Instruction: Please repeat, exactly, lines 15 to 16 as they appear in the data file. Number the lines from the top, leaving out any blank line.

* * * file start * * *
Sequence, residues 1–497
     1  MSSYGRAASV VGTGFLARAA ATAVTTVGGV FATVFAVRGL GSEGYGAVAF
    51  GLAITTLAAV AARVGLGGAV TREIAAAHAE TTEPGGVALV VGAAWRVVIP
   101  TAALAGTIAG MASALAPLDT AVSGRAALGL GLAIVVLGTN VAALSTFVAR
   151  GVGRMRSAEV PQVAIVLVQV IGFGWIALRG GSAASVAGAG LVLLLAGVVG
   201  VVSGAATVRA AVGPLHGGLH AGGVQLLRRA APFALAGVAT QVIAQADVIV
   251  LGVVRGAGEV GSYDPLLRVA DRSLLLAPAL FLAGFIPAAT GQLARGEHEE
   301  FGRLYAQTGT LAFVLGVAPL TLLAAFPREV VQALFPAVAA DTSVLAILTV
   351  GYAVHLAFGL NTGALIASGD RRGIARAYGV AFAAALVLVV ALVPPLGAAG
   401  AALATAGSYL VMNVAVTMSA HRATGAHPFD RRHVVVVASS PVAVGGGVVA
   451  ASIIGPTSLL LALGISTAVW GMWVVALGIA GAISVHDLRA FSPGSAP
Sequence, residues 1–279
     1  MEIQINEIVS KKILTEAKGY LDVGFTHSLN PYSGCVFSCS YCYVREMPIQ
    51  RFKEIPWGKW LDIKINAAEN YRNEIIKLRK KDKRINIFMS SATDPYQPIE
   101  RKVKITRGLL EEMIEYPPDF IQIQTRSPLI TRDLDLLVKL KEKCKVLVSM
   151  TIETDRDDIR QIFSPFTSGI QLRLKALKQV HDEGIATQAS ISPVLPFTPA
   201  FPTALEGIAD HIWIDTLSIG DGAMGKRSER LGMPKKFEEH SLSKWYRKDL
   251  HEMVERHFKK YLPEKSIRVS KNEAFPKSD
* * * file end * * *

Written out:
   101  RKVKITRGLL EEMIEYPPDF IQIQTRSPLI TRDLDLLVKL KEKCKVLVSM
   151  TIETDRDDIR QIFSPFTSGI QLRLKALKQV HDEGIATQAS ISPVLPFTPA